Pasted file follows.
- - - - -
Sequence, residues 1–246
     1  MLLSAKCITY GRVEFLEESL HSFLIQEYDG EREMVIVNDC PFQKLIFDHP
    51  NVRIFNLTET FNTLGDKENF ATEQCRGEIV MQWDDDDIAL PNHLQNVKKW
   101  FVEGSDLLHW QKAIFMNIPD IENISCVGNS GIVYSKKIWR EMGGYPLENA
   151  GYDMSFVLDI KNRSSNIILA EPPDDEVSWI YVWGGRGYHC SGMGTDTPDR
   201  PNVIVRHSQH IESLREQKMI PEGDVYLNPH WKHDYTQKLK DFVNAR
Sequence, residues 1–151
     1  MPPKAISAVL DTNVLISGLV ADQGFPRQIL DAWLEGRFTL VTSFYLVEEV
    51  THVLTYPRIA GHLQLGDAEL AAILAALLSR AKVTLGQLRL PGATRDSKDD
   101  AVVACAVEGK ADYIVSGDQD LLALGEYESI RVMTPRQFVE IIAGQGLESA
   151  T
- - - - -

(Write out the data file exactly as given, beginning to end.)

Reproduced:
Sequence, residues 1–246
     1  MLLSAKCITY GRVEFLEESL HSFLIQEYDG EREMVIVNDC PFQKLIFDHP
    51  NVRIFNLTET FNTLGDKENF ATEQCRGEIV MQWDDDDIAL PNHLQNVKKW
   101  FVEGSDLLHW QKAIFMNIPD IENISCVGNS GIVYSKKIWR EMGGYPLENA
   151  GYDMSFVLDI KNRSSNIILA EPPDDEVSWI YVWGGRGYHC SGMGTDTPDR
   201  PNVIVRHSQH IESLREQKMI PEGDVYLNPH WKHDYTQKLK DFVNAR
Sequence, residues 1–151
     1  MPPKAISAVL DTNVLISGLV ADQGFPRQIL DAWLEGRFTL VTSFYLVEEV
    51  THVLTYPRIA GHLQLGDAEL AAILAALLSR AKVTLGQLRL PGATRDSKDD
   101  AVVACAVEGK ADYIVSGDQD LLALGEYESI RVMTPRQFVE IIAGQGLESA
   151  T